The Pakistani military launched its long-overdue offensive against militants in North Waziristan on June 15 with much fanfare. Public support for the operation, titled Operation Zarb-e-Azb, remains high, with many people in Pakistan believing this to be the operation to end all operations. The Pakistan Army touted the fight as Pakistan's own, as opposed to one undertaken at the behest of the U.S., and as one being prosecuted against militants of all stripes, both foreign and domestic. If the hype is to be believed, the Pakistani military offensive in North Waziristan is in the process of striking a crippling blow against militants operating in the region, particularly the Tehrik-e-Taliban Pakistan (TTP) and its foreign allies such as al Qaeda and the Islamic Movement of Uzbekistan (IMU).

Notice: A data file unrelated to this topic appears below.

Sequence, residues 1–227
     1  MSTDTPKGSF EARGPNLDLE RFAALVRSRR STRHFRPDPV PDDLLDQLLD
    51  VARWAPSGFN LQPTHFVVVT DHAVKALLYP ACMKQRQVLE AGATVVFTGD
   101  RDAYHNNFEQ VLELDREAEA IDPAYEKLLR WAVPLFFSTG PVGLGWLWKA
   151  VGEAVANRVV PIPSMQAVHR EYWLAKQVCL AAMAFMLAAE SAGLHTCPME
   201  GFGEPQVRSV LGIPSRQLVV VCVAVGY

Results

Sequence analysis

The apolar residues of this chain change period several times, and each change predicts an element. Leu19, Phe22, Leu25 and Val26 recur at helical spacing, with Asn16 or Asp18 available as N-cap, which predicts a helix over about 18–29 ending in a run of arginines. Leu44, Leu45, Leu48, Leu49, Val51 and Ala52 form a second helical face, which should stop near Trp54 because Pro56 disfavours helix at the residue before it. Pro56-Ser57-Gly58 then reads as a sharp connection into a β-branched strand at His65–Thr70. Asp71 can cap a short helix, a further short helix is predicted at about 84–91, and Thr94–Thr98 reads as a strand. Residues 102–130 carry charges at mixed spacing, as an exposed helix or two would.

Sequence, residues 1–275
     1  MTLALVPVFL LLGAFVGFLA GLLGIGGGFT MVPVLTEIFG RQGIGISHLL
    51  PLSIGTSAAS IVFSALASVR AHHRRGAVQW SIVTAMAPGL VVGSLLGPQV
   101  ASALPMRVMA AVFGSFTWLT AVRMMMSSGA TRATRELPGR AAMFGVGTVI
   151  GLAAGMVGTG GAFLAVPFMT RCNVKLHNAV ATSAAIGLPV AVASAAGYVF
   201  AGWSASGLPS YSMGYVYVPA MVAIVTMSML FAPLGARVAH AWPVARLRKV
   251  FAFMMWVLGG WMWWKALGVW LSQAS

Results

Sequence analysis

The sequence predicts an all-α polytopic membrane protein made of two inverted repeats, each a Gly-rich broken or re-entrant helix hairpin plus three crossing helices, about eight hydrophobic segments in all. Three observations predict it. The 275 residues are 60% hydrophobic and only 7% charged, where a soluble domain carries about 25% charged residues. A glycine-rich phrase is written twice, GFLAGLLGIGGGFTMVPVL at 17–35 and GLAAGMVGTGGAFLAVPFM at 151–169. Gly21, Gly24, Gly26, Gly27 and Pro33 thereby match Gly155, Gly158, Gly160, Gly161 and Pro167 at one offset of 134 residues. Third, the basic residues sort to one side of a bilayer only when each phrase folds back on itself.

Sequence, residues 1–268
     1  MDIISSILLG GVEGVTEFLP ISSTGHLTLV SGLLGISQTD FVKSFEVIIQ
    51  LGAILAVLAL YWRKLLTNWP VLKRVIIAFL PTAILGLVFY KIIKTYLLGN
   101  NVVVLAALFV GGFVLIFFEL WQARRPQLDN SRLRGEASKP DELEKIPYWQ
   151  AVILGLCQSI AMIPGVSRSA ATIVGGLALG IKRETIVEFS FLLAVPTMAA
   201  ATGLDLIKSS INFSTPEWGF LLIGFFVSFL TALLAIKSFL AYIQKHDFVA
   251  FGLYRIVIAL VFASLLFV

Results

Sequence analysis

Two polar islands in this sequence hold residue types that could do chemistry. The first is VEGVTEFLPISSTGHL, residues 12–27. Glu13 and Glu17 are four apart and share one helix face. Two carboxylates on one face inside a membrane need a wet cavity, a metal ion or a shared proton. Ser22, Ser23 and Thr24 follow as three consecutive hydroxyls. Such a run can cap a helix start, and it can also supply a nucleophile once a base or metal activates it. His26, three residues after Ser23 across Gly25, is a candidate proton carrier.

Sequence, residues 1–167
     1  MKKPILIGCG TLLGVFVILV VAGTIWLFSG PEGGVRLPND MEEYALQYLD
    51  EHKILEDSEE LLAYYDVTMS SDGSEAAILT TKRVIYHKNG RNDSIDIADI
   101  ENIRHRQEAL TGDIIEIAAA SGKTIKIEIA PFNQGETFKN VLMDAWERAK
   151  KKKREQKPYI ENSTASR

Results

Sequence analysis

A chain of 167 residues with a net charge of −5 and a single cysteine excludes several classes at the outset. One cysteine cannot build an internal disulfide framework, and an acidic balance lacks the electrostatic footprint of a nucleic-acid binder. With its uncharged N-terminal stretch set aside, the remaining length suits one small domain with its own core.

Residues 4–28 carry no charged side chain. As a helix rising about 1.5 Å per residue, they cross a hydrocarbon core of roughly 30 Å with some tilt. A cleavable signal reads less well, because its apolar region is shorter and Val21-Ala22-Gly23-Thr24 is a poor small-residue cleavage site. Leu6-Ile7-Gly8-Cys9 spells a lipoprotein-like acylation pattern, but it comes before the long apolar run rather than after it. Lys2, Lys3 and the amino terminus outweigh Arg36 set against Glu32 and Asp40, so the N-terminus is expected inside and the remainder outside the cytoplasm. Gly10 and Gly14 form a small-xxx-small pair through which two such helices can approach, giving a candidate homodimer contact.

While there have surely been successes so far-and the mere fact that the operation is taking place at all is a marked improvement over Pakistan's previous policy of allowing one of the world's most dangerous militant safe havens to fester unmolested-the reality on the ground appears somewhat less optimistic. The ground phase of the operation in North Waziristan is progressing at a cautious pace; most militants fled the main combat zones far in advance of the operation; the government is facing a humanitarian crisis on a scale it is grossly underprepared for; and Pakistani policies of favoritism toward certain militant groups do not appear to have changed. Whether Pakistan has learned from the lessons of its previous military operations and is prepared to do what's necessary to make its gains in North Waziristan permanent, remains to be seen.
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